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Written by Dave Lavinsky on Saturday, November 10, 2012
This week, I am really excited to release my new book, Start At The End, published by John Wiley & Sons.
I wrote the book for two core reasons.
1. To help entrepreneurs and business owners succeed
For the past 15 years, I've been helping businesses grow. And, in doing so, I started to get really frustrated and upset by so many entrepreneurs and business owners making the same mistake.
Which is this -- they focus all of their energy solving today's problems. And doing this never gets these businesses to where they want to go. Yes, many of them will survive using this strategy. But these businesses never get where they want to go, and the business owners aren't happy; they work too hard, take too little time off, and don't get the results they want.
The solution I have found that works over and over again is to start at the end (catchy book title, huh). That is, to figure out where you'd like your business to end up. Then you create a plan that allows you to both solve today's problems and make big strides towards reaching your eventual goal.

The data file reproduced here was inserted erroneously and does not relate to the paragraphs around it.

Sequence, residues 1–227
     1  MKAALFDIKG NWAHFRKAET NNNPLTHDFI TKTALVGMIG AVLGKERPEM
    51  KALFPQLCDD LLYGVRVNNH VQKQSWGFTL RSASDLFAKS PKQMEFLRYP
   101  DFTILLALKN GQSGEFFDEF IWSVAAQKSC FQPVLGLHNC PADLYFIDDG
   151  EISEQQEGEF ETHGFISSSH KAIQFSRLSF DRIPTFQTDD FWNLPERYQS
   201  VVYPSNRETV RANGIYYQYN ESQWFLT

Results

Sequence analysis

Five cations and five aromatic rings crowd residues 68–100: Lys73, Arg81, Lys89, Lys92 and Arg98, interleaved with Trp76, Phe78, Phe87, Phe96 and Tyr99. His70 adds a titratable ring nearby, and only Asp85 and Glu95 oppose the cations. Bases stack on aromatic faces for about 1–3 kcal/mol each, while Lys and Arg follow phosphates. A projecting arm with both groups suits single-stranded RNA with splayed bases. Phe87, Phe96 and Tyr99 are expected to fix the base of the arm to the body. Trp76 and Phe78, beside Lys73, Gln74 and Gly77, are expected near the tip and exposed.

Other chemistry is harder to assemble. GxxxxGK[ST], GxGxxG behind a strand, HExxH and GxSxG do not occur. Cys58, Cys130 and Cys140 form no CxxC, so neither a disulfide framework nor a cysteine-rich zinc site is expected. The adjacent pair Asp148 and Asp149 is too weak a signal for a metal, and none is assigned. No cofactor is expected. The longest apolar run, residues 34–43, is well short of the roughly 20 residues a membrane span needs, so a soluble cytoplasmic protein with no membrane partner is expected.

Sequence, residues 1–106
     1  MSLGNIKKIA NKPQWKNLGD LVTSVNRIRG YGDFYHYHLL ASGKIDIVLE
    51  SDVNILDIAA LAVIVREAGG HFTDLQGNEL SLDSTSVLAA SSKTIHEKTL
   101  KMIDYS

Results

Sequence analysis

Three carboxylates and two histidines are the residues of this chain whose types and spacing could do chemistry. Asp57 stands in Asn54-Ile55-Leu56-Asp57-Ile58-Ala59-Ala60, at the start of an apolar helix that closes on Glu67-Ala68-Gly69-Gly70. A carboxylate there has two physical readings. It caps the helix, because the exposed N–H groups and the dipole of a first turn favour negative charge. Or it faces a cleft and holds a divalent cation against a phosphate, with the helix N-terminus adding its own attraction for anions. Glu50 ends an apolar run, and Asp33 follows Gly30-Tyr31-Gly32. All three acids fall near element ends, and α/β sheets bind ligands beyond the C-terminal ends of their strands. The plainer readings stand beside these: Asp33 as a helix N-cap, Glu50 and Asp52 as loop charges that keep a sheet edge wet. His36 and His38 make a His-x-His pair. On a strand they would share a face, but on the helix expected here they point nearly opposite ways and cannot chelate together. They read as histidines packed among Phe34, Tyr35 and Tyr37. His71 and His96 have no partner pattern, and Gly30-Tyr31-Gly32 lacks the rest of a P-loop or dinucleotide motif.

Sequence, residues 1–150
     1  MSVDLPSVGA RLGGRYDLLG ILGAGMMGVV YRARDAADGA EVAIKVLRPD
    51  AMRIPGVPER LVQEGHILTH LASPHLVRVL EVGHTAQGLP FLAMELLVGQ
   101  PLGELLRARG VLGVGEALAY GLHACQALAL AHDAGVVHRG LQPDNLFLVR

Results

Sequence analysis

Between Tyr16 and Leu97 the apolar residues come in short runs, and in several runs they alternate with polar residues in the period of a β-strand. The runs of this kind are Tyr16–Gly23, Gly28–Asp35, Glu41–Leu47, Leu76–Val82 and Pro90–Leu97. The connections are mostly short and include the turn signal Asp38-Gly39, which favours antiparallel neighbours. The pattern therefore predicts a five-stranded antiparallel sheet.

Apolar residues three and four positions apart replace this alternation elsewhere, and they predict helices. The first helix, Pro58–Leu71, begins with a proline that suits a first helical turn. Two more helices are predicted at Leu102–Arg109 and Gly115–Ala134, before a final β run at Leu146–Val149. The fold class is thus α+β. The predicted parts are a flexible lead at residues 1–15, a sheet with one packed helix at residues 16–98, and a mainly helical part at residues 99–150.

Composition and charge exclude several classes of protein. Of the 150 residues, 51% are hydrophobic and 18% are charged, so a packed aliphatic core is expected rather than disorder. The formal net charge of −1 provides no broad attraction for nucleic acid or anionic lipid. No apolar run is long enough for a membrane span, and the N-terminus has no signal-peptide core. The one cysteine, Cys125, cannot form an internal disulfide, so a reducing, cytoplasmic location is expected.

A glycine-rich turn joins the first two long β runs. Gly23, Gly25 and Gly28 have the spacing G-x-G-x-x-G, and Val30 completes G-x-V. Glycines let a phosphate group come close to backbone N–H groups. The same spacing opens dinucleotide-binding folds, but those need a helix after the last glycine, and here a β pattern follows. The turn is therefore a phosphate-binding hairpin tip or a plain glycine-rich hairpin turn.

2. To get the word out about the importance of planning
The release of my book will educate thousands, if not tens of thousands (or hopefully more) of entrepreneurs and business owners as to why they need a business plan and how to create one.
This knowledge will make them more successful. At the same time, the book will help establish myself and Growthink as the go-to firm for developing business and growth plans for businesses.
Certainly writing a book has great PR value in that it gets your name and the name of your company out to the masses. A book also increases your authority and credibility. Specifically, if the average entrepreneur was choosing between two firms to develop their business plan, all other things being equal, they would generally choose the firm who has published a book on the topic.
So, to summarize so far, writing a book is a great marketing tool. It spreads the message about you and your company, while increasing your authority and credibility. And, publishing a book gives you great opportunities for PR. The media likes talking about and interviewing authors, which allows them to further spread the word about themselves and their companies.
The "bad" news is that the heavy lifting starts now